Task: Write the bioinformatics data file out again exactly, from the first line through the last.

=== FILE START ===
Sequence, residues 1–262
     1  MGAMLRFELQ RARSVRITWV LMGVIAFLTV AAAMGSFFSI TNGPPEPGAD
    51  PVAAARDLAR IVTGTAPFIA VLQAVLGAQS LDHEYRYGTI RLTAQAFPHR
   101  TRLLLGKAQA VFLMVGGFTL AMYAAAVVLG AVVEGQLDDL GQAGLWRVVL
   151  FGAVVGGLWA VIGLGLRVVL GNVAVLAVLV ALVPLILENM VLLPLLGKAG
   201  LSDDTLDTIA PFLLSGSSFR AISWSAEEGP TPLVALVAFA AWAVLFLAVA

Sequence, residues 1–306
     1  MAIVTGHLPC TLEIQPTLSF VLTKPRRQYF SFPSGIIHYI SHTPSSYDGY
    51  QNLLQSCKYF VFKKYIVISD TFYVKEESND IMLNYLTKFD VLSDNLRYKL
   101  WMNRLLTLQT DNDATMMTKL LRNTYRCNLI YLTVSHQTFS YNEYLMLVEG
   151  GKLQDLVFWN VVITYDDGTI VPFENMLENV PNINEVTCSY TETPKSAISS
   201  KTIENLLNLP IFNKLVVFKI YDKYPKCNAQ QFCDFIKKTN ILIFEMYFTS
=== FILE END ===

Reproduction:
Sequence, residues 1–262
     1  MGAMLRFELQ RARSVRITWV LMGVIAFLTV AAAMGSFFSI TNGPPEPGAD
    51  PVAAARDLAR IVTGTAPFIA VLQAVLGAQS LDHEYRYGTI RLTAQAFPHR
   101  TRLLLGKAQA VFLMVGGFTL AMYAAAVVLG AVVEGQLDDL GQAGLWRVVL
   151  FGAVVGGLWA VIGLGLRVVL GNVAVLAVLV ALVPLILENM VLLPLLGKAG
   201  LSDDTLDTIA PFLLSGSSFR AISWSAEEGP TPLVALVAFA AWAVLFLAVA

Sequence, residues 1–306
     1  MAIVTGHLPC TLEIQPTLSF VLTKPRRQYF SFPSGIIHYI SHTPSSYDGY
    51  QNLLQSCKYF VFKKYIVISD TFYVKEESND IMLNYLTKFD VLSDNLRYKL
   101  WMNRLLTLQT DNDATMMTKL LRNTYRCNLI YLTVSHQTFS YNEYLMLVEG
   151  GKLQDLVFWN VVITYDDGTI VPFENMLENV PNINEVTCSY TETPKSAISS
   201  KTIENLLNLP IFNKLVVFKI YDKYPKCNAQ QFCDFIKKTN ILIFEMYFTS